Opioids’ path of destruction in construction
Sector accounts for one-quarter of all overdose deaths
DIFFERENCES IN HEALTH patterns among different population groups is a well-established fact. Indeed, it forms the foundation for an entire field of health research, epidemiology, which has contributed enormously to our understanding of the causes of disease.
But a new report from the state Department of Public Health documenting the astonishingly high rate of opioid overdose deaths in the construction industry landed like, well, a ton of bricks.
Over a five-year period, from 2011 to 2015, nearly one-quarter of all overdose deaths in the state occurred among those who work in construction. It’s an astounding figure, one that is both alarming but also suggests that a significant dent in the opioid crisis could be made through focused efforts in this sector.
The fishing industry also recorded significantly higher overdose death rates, though this sector accounts for only a tiny share of the state workforce.
As WBUR’s Martha Bebinger points out, though injuries leading to use of pain medication appear to be an important part of the story, the study could not determine the causal relationship between opioid use and the construction industry. It’s possible, she reports, that “opioid use caused an on-the-job injury in some cases.” It’s also possible, Dr. Zev Schuman-Olivier, medical director for addictions at the Cambridge Health Alliance, told the Boston Globe’s Felice Freyer, that people struggling with addiction or recovery may be more likely to go into construction.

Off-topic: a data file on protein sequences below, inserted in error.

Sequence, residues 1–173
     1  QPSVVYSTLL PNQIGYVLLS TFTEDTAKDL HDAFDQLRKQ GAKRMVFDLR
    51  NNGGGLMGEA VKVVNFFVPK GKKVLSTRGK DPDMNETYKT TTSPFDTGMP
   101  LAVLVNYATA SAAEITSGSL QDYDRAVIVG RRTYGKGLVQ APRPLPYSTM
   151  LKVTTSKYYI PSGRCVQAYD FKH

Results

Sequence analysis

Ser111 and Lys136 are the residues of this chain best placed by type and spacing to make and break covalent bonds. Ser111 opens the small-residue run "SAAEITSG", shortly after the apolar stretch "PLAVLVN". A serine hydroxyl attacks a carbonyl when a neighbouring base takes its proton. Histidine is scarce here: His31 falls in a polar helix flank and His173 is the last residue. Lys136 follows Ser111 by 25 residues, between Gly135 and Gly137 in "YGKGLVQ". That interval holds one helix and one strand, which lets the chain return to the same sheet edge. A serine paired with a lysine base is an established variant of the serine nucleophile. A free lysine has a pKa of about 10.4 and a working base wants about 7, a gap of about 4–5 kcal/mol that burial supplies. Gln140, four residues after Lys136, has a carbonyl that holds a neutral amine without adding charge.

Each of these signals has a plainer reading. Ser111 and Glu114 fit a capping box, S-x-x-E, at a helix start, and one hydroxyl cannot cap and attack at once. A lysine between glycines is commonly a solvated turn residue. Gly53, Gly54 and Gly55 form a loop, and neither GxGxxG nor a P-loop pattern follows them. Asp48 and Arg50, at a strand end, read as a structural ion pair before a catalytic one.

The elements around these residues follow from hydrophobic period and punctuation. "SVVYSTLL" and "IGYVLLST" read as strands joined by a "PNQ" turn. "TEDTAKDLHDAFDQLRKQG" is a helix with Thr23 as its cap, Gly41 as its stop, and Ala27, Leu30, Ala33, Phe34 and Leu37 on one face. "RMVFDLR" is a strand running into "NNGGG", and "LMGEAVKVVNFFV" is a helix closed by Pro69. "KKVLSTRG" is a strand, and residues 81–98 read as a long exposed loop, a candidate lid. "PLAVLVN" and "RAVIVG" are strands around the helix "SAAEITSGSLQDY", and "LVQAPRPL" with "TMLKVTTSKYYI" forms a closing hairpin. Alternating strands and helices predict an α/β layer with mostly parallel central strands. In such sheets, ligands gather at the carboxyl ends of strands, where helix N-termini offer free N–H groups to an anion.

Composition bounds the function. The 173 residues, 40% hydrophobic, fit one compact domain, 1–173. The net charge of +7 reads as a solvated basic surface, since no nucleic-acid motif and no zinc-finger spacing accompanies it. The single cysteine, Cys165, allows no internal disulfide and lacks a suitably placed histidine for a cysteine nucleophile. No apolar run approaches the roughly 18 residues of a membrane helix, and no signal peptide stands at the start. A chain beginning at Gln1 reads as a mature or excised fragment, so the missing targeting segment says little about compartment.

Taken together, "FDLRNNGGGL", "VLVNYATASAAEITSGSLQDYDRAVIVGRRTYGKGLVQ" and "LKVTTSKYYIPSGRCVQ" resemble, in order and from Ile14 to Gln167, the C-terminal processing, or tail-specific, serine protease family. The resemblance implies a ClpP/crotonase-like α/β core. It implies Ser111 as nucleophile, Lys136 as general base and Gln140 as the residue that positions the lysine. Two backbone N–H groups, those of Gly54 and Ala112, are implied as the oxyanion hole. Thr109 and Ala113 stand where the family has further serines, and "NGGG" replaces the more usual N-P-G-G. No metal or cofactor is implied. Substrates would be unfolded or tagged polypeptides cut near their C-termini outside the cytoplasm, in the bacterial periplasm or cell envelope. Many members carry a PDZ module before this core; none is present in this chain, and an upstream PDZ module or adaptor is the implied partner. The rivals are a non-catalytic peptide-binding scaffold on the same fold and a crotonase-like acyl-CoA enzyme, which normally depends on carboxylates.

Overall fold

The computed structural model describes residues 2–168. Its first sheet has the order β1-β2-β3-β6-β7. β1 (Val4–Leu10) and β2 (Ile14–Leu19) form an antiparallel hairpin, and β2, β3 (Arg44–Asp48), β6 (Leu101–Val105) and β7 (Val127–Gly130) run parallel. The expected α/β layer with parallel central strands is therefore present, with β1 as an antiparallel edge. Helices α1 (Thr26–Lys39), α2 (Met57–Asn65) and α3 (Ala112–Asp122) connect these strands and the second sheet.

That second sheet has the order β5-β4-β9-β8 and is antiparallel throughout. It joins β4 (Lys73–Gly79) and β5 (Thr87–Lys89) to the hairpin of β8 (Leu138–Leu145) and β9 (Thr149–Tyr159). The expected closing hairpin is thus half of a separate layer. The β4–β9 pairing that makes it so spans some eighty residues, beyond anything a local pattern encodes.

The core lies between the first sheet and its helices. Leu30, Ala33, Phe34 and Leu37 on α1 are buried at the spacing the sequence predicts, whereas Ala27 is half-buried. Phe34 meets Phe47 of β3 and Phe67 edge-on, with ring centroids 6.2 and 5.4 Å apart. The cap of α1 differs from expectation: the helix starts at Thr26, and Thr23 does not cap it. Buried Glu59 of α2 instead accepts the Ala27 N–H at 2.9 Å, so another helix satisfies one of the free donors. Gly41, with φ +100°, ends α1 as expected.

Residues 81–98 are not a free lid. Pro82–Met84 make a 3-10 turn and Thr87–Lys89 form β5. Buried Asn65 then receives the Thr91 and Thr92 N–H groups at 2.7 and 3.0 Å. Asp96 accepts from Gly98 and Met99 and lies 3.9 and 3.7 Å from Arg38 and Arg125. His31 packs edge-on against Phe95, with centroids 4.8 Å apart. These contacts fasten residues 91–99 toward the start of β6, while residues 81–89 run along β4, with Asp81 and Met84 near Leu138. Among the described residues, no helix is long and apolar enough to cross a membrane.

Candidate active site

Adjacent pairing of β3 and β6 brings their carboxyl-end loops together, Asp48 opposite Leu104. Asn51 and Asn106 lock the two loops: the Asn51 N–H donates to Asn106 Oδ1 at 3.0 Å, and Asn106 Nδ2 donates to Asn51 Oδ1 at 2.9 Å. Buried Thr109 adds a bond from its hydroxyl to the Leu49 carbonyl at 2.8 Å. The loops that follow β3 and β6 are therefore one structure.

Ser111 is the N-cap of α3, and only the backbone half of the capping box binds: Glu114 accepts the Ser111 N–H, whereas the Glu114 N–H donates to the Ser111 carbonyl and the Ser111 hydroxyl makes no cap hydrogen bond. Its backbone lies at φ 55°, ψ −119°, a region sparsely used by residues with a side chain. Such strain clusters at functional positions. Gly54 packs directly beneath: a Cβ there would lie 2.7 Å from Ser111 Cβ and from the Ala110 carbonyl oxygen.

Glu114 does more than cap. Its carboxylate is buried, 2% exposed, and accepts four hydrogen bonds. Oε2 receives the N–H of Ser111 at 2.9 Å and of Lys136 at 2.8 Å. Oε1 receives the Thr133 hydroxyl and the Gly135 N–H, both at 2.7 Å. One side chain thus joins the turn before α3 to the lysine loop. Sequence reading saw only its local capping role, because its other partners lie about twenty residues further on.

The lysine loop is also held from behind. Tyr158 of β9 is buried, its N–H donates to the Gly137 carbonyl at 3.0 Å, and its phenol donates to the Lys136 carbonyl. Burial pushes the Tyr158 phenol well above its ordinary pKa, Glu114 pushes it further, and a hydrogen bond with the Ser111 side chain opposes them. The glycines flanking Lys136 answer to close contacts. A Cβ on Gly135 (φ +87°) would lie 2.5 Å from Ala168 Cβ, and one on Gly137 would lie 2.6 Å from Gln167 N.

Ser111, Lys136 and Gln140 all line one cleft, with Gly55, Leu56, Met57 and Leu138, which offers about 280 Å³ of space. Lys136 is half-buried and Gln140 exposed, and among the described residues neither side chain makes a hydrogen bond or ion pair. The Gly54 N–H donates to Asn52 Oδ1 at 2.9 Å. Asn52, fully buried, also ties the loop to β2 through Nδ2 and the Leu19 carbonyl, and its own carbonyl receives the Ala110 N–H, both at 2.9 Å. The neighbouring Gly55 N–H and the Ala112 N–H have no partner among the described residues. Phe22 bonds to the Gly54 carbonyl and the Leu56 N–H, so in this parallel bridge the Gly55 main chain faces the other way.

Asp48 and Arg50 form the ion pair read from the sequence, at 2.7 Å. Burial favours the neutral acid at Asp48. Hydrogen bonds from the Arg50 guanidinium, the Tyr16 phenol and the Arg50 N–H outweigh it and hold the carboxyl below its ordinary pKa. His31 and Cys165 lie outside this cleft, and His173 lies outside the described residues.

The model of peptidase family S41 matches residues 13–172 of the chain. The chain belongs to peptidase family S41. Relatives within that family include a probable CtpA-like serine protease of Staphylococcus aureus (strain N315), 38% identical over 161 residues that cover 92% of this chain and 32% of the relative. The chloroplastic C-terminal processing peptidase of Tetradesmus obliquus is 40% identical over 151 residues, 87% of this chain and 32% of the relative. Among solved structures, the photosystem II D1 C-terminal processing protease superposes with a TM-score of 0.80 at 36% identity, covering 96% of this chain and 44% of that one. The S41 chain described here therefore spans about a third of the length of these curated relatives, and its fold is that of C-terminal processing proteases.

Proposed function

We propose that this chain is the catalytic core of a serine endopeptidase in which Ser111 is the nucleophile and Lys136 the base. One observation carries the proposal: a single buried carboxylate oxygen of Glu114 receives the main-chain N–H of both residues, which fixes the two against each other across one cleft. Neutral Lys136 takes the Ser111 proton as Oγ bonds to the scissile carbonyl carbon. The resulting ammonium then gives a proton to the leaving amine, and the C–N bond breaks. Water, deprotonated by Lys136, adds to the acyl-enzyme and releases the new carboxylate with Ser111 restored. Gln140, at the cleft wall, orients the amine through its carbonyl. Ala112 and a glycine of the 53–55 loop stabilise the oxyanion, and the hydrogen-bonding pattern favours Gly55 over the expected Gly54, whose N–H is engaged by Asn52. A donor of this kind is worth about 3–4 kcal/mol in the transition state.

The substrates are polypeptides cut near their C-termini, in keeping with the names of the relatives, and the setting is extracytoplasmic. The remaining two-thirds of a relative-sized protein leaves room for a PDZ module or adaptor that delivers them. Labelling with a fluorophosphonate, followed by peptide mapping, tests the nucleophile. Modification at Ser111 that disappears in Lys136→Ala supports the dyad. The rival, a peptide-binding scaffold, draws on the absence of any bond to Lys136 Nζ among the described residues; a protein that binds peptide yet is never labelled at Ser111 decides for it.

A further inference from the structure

Bebinger says the state Department of Industrial Accidents recently launched a pilot program examining treatment alternatives for those experiencing job-related injuries.Missing from both the WBUR and Globe stories? Any reaction from the state’s construction industry. Whether employer practices within their industry account for all or only some of the problem, the bottom-line figure that a quarter of all opioid overdose deaths occur among workers in this sector should be a call to action to construction companies that this is a crisis they need to acknowledge and help address.
“Work-related injuries often serve as the initiation for opioid pain medication, which can subsequently lead to opioid misuse,” state Public Health Commissioner Dr. Monica Bharel said in a statement. “Ensuring that jobs are safe, that the risk of injury is low and that workers have the time for rehabilitation and are not self-medicating to keep working are all key to decreasing opioid overdose death among workers.”